“I HAVE not seen my grandchildren since October.”

The year since coronavirus changed our lives in March 2020 has been like nothing anyone alive has ever experienced in Romsey and Test Valley.

On Tuesday, people across Britain observed a minute’s silence on the anniversary of the UK’s first stay at home order being announced.

We have all been affected by lockdown and loss, including county and borough councillor, Mark Cooper.

Reflecting on 12 months of the town and the nation fighting Covid-19, he said the last year has been very difficult for separated families like his. It has been months since he has seen his beloved grandchildren. But he urged the Government not to rush easing lockdown restrictions.

He said: “It has been a very hard year for everyone including my family. I am sure the rest of Romsey has had the same problems.

“We don’t want to rush out of lockdown too quickly, because we don’t want to encourage new variants, so gradually easing out of lockdown over the next few weeks would be welcomed.”

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Mayor of Romsey, Janet Burnage, said the past 12 months have been “extremely challenging” for everyone and paid tribute to those who have passed away during the pandemic.

She said: “My heart also goes out to those who have lost loved ones to Covid and those who are still suffering from long Covid.

"I have been amazed at how we have managed to adapt to the restrictions placed on us to try and prevent the spread of Covid. What has been most difficult is not seeing close family and friends.

"Zoom is just not the same as seeing someone in person and giving them a hug.”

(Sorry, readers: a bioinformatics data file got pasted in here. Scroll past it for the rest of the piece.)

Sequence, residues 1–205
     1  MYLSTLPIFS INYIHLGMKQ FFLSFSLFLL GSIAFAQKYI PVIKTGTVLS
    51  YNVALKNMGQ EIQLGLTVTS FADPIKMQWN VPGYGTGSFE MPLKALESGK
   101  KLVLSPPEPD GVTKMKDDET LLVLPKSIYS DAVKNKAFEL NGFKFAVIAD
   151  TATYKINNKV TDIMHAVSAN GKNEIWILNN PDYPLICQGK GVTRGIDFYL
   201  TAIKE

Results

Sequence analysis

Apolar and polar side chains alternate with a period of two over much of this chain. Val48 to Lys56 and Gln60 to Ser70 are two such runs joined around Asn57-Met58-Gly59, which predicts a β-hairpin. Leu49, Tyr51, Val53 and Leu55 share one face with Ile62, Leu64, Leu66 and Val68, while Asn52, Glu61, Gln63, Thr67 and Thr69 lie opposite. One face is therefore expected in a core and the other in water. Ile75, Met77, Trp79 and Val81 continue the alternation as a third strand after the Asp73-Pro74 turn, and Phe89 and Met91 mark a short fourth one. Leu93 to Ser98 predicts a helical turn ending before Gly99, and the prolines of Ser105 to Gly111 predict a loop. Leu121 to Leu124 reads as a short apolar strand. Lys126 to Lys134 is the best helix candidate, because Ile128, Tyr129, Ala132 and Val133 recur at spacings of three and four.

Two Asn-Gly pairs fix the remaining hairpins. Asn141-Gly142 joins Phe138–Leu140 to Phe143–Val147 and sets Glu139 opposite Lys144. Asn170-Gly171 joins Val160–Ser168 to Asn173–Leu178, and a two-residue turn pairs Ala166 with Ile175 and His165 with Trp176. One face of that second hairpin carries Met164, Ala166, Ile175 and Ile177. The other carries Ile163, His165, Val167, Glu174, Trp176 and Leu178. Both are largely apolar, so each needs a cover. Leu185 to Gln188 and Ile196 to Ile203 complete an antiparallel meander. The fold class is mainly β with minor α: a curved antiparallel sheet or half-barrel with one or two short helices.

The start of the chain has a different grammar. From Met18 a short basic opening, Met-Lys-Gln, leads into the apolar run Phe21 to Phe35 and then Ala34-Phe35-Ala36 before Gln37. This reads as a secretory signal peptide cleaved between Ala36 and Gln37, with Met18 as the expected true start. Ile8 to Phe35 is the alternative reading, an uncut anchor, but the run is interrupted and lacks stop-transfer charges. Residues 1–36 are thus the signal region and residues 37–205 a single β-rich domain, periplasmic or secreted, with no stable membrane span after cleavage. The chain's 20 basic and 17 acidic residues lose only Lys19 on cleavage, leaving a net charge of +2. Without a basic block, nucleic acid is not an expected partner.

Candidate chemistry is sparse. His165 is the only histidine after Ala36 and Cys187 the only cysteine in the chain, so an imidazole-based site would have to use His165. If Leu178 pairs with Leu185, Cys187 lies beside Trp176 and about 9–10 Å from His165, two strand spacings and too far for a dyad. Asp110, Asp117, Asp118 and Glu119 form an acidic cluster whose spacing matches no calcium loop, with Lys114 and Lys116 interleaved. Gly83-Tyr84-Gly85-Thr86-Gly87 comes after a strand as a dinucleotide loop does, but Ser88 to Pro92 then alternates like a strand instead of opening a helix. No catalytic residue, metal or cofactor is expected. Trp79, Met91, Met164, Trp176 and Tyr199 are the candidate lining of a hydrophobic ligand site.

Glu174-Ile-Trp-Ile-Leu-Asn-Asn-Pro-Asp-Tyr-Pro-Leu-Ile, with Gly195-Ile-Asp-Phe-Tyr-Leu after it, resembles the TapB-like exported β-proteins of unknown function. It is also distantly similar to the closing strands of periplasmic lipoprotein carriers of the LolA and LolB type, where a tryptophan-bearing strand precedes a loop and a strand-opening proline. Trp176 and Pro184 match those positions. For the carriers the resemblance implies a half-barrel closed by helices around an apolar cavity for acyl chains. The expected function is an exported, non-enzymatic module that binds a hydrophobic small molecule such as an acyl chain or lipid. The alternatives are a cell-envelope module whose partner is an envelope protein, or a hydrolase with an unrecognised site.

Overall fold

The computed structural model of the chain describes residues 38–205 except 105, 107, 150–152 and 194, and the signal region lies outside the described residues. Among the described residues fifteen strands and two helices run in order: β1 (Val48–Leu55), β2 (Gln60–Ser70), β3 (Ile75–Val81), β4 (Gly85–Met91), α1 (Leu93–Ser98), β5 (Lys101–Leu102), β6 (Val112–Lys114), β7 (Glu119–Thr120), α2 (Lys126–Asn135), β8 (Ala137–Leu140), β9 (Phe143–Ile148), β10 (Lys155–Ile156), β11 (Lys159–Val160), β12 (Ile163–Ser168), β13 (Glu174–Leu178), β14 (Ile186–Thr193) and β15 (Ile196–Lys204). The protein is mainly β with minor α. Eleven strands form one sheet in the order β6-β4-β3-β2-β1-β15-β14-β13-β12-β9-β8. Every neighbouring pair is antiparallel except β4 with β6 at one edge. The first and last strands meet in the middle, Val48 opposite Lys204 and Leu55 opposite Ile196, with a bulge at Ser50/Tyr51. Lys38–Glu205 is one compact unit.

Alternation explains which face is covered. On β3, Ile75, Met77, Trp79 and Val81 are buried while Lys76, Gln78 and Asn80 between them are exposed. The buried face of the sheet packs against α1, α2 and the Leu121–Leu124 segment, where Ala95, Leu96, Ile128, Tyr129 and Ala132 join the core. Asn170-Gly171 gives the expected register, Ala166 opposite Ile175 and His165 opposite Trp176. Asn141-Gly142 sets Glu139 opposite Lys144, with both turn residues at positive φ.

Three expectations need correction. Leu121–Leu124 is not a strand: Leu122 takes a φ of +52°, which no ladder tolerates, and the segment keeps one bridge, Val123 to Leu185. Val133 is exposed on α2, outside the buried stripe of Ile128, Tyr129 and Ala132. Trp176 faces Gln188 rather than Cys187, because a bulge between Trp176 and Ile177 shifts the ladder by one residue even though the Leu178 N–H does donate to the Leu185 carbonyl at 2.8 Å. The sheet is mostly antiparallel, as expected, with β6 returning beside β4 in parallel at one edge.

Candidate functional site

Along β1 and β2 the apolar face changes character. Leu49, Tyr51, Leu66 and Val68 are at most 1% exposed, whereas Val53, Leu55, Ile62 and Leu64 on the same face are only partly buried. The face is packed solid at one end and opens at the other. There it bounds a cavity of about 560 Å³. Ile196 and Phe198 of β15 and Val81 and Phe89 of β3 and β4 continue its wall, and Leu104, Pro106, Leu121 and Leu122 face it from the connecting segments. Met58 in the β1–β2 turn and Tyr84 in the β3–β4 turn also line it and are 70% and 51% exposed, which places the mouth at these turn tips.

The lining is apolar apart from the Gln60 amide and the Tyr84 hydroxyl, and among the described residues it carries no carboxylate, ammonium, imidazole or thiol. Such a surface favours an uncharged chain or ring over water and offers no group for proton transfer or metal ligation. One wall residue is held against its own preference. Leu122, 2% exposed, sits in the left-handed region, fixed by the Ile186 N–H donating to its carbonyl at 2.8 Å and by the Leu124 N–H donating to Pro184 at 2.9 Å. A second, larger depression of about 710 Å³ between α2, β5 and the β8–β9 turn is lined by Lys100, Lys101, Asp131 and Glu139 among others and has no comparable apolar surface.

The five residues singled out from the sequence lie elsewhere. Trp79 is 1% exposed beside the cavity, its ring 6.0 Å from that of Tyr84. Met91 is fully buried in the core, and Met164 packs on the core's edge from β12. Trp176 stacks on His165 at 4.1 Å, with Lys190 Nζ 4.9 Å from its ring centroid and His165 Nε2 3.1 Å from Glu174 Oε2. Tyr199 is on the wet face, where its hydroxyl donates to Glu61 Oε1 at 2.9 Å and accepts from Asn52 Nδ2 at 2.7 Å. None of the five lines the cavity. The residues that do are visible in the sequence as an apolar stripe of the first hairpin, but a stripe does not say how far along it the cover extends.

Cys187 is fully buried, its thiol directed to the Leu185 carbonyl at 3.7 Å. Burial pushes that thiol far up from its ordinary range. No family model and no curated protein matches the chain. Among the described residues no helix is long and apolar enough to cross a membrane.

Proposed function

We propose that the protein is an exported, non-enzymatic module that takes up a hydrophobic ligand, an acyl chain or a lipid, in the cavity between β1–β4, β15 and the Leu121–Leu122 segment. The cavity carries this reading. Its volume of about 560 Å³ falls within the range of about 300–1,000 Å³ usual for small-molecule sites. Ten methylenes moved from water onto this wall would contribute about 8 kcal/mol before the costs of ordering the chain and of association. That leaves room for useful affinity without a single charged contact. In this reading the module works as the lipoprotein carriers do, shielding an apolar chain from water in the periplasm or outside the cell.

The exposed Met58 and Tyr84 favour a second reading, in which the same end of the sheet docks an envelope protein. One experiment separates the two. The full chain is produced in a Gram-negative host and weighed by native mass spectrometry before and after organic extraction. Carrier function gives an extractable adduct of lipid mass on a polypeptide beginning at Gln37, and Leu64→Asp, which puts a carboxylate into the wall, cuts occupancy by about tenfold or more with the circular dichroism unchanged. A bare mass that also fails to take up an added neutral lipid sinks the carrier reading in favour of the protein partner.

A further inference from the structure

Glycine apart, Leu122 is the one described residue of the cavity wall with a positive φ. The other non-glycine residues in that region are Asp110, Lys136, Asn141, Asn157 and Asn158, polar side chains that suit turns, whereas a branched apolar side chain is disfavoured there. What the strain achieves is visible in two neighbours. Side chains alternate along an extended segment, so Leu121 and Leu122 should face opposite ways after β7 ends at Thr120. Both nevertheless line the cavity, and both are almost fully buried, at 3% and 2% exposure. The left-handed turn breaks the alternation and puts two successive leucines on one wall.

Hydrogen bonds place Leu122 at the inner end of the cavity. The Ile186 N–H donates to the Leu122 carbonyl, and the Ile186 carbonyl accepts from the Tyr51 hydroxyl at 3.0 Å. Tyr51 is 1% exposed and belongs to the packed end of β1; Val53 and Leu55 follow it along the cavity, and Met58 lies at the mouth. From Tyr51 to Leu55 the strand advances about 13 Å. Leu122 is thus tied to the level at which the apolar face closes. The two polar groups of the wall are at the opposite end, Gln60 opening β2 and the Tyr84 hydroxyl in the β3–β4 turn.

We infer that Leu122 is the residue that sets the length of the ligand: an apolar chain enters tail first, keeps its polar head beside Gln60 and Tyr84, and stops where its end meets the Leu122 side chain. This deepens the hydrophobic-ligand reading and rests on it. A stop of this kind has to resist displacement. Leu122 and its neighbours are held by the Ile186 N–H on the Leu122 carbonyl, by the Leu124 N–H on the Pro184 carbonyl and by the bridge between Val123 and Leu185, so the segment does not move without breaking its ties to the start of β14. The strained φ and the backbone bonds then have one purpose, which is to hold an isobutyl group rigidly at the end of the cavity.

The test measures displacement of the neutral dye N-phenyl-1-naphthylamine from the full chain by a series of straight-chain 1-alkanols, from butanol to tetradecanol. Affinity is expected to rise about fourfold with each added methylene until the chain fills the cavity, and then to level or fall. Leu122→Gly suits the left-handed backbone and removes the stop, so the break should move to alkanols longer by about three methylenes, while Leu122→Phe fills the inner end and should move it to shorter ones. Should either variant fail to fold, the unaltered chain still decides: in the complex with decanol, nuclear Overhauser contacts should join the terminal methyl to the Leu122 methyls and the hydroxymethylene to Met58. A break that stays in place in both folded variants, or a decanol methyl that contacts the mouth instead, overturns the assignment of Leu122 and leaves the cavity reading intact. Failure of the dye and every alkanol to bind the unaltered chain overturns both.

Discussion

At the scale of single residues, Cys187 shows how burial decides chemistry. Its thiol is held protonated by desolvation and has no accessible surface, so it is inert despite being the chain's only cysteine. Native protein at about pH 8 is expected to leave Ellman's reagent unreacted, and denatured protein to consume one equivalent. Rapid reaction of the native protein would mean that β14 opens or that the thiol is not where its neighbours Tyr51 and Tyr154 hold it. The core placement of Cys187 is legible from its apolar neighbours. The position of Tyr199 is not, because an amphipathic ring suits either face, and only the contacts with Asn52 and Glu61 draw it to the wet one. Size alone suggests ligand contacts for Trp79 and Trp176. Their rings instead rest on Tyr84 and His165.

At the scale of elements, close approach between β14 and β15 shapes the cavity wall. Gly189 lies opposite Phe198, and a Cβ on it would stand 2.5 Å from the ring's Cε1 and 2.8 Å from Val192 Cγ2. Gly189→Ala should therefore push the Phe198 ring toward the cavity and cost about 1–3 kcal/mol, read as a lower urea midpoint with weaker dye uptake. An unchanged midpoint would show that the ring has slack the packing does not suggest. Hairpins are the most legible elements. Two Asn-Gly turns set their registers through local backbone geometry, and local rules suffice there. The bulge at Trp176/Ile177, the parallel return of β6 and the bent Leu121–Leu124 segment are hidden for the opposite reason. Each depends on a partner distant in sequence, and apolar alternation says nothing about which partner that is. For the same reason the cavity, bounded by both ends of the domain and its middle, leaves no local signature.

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Over the year, NHS staff have been fighting to save lives and businesses have been hit hard by three lockdowns.

However, there was hope at last of a route back to normality in December when a 90-year-old woman from Coventry became the first person in the world to receive the Pfizer vaccine outside trial conditions.

Since then, thousands of Romsey residents have rolled up their sleeves in a bid to help get the country back to normal.

Deputy leader for Test Valley Borough Council, Nick Adams-King, admitted it has been a rollercoaster of a year.

He said: “It feels like it has been 10 years and this time last year none of us knew what was going to happen and we thought it would pass quite quickly. It impacted our family immediately, because James, my partner, went to work with Covid patients and that was hard because we had to change our lifestyle completely in response.”

But as is the case for everyone, the vaccines offer hope the end is in sight. He added: “There was quite a strong feeling of hope when I was listening to the radio on the first morning the NHS gave the vaccine and I cried.”